By: CLAUDIA BUCK, Sacramento Bee
SACRAMENTO, Calif. -- Standing in a mall food court, Marcellus Lang slipped a used cellphone into an ecoATM kiosk. Instantly, the machine scanned his phone, assessing its condition. Separately, it also snapped his photo, scanned his driver's license and recorded his electronic fingerprint.
For Lang's old EVO phone, he was offered $4. Repeating the process with an iPod Touch, he landed a $55 offer. Without pausing, the 25-year-old punched in his acceptance.
Within minutes, the machine spit out a total of $59 in cash, which Lang folded into his jeans pocket.
"It's cool. You dump your old phone for quick cash," said Lang, a security guard for an Old Sacramento sports bar, who said he has used the sell-your-electronics kiosk at Downtown Plaza Mall several times and likes the walk-up convenience.
For consumers, using an ecoATM is just one of a growing number of options for getting rid of old digital devices, particularly cellphones.
With the average consumer getting a new smartphone every 18 months, Americans are sitting on an ever-growing heap of digital discards. And many of those abandoned phones - by some estimates, 800 million in the United States alone - still hold some value, either as recycled donations or cold, hard cash.
Here's a look at some of the options for trading, selling or recycling:
Plenty of major retailers, such as Amazon, Best Buy, Target, Radio Shack and Wal-Mart, will take your old cellphones -- and in some cases, computers, tablets, video game players and other devices -- and give you gift cards toward a store purchase.
Apple announced its own swapping program last month, letting consumers trade in their older iPhones for a discounted price on the new iPhone 5 models.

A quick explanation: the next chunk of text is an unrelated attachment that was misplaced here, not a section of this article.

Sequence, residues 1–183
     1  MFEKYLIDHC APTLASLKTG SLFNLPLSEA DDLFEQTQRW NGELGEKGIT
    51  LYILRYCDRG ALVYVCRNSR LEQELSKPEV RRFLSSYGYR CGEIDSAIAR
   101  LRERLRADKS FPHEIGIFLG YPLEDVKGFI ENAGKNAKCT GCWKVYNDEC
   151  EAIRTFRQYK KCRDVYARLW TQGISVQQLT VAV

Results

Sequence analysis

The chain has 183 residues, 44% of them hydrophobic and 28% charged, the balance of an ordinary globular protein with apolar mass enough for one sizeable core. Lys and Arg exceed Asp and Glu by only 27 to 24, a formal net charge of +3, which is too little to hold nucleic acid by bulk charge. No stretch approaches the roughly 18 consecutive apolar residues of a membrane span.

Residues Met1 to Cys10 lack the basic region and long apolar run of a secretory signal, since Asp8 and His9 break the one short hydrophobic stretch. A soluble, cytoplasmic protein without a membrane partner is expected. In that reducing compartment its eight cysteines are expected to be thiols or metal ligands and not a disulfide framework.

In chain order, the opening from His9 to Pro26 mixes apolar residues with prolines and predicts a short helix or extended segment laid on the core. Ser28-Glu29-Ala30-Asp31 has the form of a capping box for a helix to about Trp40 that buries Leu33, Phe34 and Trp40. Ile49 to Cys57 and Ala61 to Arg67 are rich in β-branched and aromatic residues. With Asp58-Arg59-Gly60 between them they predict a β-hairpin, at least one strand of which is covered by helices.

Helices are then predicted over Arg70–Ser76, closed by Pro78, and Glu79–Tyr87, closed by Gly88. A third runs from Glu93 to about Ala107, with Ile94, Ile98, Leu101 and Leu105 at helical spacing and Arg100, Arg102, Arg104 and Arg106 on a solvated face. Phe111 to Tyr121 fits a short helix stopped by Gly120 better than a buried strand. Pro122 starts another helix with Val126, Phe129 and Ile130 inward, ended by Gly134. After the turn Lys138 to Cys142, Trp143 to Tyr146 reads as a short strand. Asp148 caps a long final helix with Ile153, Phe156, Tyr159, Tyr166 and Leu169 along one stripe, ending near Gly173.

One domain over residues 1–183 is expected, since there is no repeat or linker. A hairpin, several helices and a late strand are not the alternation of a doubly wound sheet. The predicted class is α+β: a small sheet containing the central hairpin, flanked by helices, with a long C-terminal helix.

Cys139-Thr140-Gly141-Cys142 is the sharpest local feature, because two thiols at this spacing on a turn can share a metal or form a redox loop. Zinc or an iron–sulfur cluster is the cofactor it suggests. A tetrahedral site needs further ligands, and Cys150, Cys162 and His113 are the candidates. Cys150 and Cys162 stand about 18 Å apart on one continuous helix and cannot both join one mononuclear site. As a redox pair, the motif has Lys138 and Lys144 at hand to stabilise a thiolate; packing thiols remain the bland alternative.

Not to be outdone, Microsoft also jumped into the trade-in game, trying to woo customers away from Apple. Under two deals running through late October or early November, Microsoft will pay owners of "gently used" newer iPhones or iPads up to $200 -- to be used toward a new Windows phone or tablet.
Companies such as Gazelle.com and USell.com enable consumers to sell their old electronics from their computer. In most cases, you look up your device, answer questions about its wear-and-tear condition, get a price, then receive a prepaid mail-in envelope for shipping the phone. You're paid once they receive the device.
Business booms every time Apple debuts a new phone, said Anthony Scarsella, chief gadget officer at Boston-based Gazelle.com. "This year alone, we've seen four times the number of trade-ins, compared with (Apple's) launch day last year."
Companies such as Gazelle either recycle the phones for scrap metal or sell them to wholesale refurbishers, who fix them up for overseas markets such as Africa, India and Southeast Asia, where demand is high for cheaper, used phones.
Walk-up sites such as ecoATM are another option, offering on-the-spot cash for used cellphones, tablets and MP3 players. Since 2009, the San Diego-based company has installed more than 650 kiosks in major retail locations, including Arden Fair, Roseville Galleria and Sunrise malls in the Sacramento region. In April, it announced it had recycled its first 1million devices.
A number of organizations accept used cellphones as donations for various charitable causes. Among the better-known: CellPhonesforSoldiers.com is a nonprofit that recycles donated phones and uses the proceeds to supply U.S. soldiers overseas with free international phone-calling cards and other services.
Another is Phones4Charity.org, which acts as a fundraising tool for charitable groups such as the Red Cross or the National Wildlife Foundation. Individuals can get a tax receipt for donating phones, or a charity group can collect phones and be reimbursed in cash.
If you simply want to discard your used electronics in an environmentally friendly way, there are a number of drop-off recycling centers in most communities.
(Sacramento Bee writer Claudia Buck can be reached at email@example.com. Distributed by Scripps Howard News Service, www.shns.com.)
(Distributed by Scripps Howard News Service, www.shns.com.)
By: CLAUDIA BUCK, Sacramento Bee